Personal identity VS company identity
When you work in a traditional Japanese company the identity of your company is always above of yours. You are part of a group, you are part of a family, a family whose members are all the company employees. Japanese society is “collectivist”, and US society is “individualist”. In a “collectivist” society, every individual tries to benefit the groups interests above his own interests, if everyone follows the same behavior the group will get better and everyone will be indirectly benefited. Some people say that Japanese behave like ants. On the other hand, in a individualistic society, as Adam Smith explained in the “Wealth of Nations”, everyone aims for his own benefit, and indirectly the group wealth improves.
In general, in western countries we look to stand out above the crowd, Japanese people don’t want to stand out, they don’t want to be noticeable. In a Japanese discotheque, everyone dances facing to the DJ, it’s a HUGE group of people dancing together is if it were a robot battalion. In a western discotheque, everyone dances how he likes, looking to different places and creating little groups of friends who push other groups trying to protect their space.
The order in which Japanese business cards show your personal information is:
- 1.-Company name
- 2.-Department / What do you do
- 3.-Your name
Name of the company on top and 1.- Position 2.-Name 3.- Contact information
In a western business card, the name of the company could be before the name of the person but the department and your position in the company is always after the name. In a Japanese business card, the “name of the person” is almost always in third position.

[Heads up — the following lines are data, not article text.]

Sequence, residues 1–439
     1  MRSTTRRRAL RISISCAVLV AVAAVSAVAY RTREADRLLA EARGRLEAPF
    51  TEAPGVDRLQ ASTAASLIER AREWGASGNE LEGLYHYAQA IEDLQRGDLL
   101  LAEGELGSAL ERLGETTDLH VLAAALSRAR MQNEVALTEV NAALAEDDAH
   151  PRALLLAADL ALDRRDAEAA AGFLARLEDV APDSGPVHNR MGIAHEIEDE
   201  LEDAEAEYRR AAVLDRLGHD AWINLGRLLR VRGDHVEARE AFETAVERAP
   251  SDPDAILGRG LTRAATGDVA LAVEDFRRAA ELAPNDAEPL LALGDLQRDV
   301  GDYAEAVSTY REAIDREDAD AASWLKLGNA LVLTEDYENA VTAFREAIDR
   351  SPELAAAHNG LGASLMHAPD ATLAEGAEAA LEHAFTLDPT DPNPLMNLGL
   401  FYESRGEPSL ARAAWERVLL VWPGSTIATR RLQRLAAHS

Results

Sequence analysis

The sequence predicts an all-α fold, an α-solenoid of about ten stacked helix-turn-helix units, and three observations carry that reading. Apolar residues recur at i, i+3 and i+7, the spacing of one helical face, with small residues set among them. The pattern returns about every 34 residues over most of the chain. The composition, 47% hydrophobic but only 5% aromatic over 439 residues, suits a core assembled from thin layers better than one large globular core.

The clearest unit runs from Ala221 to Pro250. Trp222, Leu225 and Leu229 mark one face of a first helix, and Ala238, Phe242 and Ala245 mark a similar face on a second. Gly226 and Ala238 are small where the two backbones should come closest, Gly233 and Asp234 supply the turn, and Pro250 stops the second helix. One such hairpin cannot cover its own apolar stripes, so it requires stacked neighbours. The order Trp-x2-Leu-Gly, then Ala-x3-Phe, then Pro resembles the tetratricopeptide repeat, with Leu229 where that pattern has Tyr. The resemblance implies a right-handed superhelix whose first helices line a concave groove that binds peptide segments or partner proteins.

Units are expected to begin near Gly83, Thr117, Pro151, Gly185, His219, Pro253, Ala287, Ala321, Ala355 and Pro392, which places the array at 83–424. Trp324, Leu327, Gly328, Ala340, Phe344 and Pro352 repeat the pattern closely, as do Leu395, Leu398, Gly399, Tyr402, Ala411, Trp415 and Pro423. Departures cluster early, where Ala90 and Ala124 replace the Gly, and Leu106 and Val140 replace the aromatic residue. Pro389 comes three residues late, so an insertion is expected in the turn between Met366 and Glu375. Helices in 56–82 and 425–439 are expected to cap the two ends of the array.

Western business card order:
- 2.-Company name
- 3.-Department / Position
Guy Kawasaki‘s (Raised in the US) business card, his name is the biggest thing, it’s his identity.
Why the company’s name and the position goes before the person’s name? In the Japanese Society the “rank” of each person is very important, it’s something that comes from the samurai era. If a 25 years old guy, who works in a restaurant and he has to talk to a University professor who is 55 years old, he would have a different Japanese than when he talks with a colleague. We also has to do a much more pronounced reverence to salute the professor than when he meets a friend.
Let’s suppose now that the 25 years old guy just met the university professor and he doesn’t know absolutely nothing about him. The guy would feel uneasy, because he doesn’t know which language register to use. That’s why, in Japan when you meet someone for the first time, the first thing to do is to interchange business cards (Meishi). When you have the business card, the first thing you see is the company, then what does the person in front of you do in that company and the last thing the person’s name. The 25 years old guy would look at the business card, he would see the university name, we would see that he is a professor and in that moment he would know how to talk and how to act in general.
It’s much more important to know the group of the other person than to know his name. It’s more important to know how treat a person than knowing his identity.
By the way, in the moment when you are interchanging business cards you have to say:
It means “My name is Name and I work at NameOfTheCompany”.